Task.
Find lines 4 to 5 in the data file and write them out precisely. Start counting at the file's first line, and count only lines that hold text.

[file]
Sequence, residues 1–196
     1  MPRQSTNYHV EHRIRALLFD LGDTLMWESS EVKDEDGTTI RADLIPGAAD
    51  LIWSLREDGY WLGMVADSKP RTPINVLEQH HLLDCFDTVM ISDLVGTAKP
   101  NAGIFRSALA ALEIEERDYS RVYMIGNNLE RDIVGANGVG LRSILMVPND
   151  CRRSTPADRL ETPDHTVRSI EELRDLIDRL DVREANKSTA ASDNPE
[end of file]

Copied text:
   101  NAGIFRSALA ALEIEERDYS RVYMIGNNLE RDIVGANGVG LRSILMVPND
   151  CRRSTPADRL ETPDHTVRSI EELRDLIDRL DVREANKSTA ASDNPE